The region of Tana Toraja, in South Sulawesi (Indonesia) offers complex and elaborated funeral rituals and burial sites. Their cult of the dead is one of the most peculiar and mysterious relation between life and death and is definately unique.Their practices include: treating the deceased as if they were alive, keeping their corpses at home for as long as 20 years and animal sacrifices. In Tana Toraja, death is such an important event , that their lives revolves around it.
Although the majority of the Toraja people are Christians they combine their beliefs with their traditional religion “Aluk Dolo” or “Rituals of the ancestors”. Torajans don’t bury their dead immediately. Instead, the dead will be kept in the family’s home for months or years before their funeral. This won’t be celebrated until they raise enough money for the ceremony. During this time the deceased is considered to be “ill”, thus food and drink must be served to him and family will take care of the body and dress him as if he was still alive. Yes,… I know what you’re thinking! No, the body doesn’t smell, it is treated with a mix of flowers and grasses to preserve it and avoid bad odours. As a fact we were invited to visit the body of a person who died a year ago, and still was kept there in the house, I won’t say it was pleasant, on the contrary everything related to the “eternal bye bye” makes me feel either sad and weird, but we though it could be offensive to say “no” to that kind of invitation and yes we have to admit that we were curious too.
It is without doubt the main event in the Torajan social calendar, and a lot of effort, time and money is invested. Funerals are held in the dry season, from June to September.
The family will expect hundreds of people from all over the region. The whole village is involved to prepare such an event in advance. The family are proud to welcome outsiders to the funeral, even though most of them don’t know the dead or family. They welcome guests dressed in their fine traditional clothes.
One of the most emotional scenes we saw was the act of dancing and singing. While guests keep silence a group of men dance and sing in a circle. They have closed eyes and some of them seem to be in a deep trance holding hands and making slow circular movements, representing the circle of life.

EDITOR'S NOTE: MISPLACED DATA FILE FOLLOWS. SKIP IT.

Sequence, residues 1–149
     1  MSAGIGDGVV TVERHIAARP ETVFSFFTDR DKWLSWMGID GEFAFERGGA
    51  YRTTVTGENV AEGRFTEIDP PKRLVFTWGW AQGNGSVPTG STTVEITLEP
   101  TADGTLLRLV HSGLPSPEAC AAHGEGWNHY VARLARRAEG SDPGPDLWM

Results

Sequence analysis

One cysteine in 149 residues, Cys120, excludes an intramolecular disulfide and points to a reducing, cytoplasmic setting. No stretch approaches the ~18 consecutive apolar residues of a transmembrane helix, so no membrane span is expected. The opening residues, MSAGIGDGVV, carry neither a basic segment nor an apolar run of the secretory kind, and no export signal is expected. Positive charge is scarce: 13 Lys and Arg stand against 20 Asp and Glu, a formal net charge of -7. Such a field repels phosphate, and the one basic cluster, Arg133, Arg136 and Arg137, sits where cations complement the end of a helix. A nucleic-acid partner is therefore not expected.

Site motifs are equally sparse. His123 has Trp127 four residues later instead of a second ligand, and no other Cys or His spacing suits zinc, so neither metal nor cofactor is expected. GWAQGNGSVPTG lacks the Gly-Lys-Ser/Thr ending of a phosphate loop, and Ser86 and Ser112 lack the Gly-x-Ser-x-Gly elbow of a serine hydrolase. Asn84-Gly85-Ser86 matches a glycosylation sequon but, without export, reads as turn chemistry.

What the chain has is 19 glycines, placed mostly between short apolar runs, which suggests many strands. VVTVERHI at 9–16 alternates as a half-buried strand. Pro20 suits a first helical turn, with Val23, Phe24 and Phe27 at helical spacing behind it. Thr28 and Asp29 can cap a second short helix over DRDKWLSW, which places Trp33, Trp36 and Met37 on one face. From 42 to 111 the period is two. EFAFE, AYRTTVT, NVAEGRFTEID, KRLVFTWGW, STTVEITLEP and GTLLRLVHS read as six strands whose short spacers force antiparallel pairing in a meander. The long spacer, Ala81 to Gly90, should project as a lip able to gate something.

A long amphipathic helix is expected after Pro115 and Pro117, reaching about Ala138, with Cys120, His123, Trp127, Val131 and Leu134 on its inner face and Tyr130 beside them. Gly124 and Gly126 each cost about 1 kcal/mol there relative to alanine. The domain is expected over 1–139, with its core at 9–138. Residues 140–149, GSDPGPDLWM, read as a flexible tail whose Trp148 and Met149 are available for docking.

Now, the most important ritual in the ceremony, also the most shocking, is the water buffaloes and pigs sacrifice, so if you are very sensible be prepared for what you may see feels brutal to Western sensibilities. Although we are animal lovers, and absolutely hate any animal suffering, we still wanted to be immersed in their culture and watching this was part of it. But I can tell you how difficult was not to show our true emotions about the slaughter.
Torajans believe that the deceased will need the buffalo to get to the place where the soul will finally rest (Puya), and as many buffaloes accompany the dead, the sooner he will rest in peace.
The number of animals sacrificed will depend on the economical situation of the family, although it is known that many are indebted for life just to give their relatives a decent funeral. A wealthy family will sacrifice between 24 and 300 water buffalos and hundreds of pigs. Buffaloes are killed by a cut on their throat and will bleed to death. After that meat is prepared and given to guests. Meat is also cooked in a bamboo: “Pa’piong”, traditional palm wine “Ballo” and the famous rich in flavour Toraja coffee “Kopi” are also served during the ceremony as a symbol of gratitude.
The buffaloes heads will be placed in front of the house of kin and the numbers of horns will remain there forever symbolising the status of the family.
How to assist to a funeral ceremony?
Well, there are guides providing a lift by car or motorbike for a sum of money wherever you go in town (Rantepao) on the streets, guesthouses, restaurants and so on. As independent travellers we planned to do it ourselves, so we found out how to behave and what to bring to the family. We rented a motorbike (Riana Guesthouse for 70.000 rupees) and bought tobacco and sugar as gifts. The challenge is to find out where a ceremony will take place!!! Ask around as nearly everybody knows but not all of them will tell you because they want to take you there! If you are not that adventurous or don’t have much time, going with a guide is a good idea, as they will explain you all details and protocol and you won’t waste time driving around trying to find a funeral ceremony.
Somehow, someone told us where to head for a ceremony and we got there! The family was surprised, as not many tourists venture to find and visit a funeral without a guide. The immediate family of the deceased received us with open arms and we were even invited to the family “box” (where they seat and share food) Lets say it was like been invited to seat and eat on the bride and groom’s wedding table!
Although we were on a funeral ceremony, the atmosphere was unconcerned and joyful celebrating the good life this old man might have had. We certainly enjoyed our time there with the family and they really made us feel like home, eating, drinking and interchanging questions about our different customs and culture, and of course we learned a lot about how this culture interact, celebrate and live with death.
If you are planing to visit this beautiful region in Sulawesi this following post will help Top places to visit in Tana Toraja